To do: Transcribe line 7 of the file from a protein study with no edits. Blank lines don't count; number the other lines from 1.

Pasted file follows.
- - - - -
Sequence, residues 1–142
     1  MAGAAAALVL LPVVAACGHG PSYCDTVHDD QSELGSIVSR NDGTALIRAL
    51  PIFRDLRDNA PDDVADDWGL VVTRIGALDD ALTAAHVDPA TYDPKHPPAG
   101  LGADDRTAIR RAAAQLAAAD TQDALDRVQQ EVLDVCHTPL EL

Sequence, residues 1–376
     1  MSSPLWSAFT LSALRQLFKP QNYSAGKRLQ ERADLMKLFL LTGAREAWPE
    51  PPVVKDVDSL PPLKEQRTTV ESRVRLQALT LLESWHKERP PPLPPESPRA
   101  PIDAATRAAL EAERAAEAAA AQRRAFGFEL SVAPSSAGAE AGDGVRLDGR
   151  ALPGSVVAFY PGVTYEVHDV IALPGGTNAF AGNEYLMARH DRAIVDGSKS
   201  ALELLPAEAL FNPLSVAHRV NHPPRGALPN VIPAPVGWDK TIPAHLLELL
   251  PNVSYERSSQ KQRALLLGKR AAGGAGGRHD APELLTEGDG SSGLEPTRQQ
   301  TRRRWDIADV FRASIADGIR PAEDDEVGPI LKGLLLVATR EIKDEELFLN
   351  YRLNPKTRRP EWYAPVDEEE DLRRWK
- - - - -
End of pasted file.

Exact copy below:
    51  PPVVKDVDSL PPLKEQRTTV ESRVRLQALT LLESWHKERP PPLPPESPRA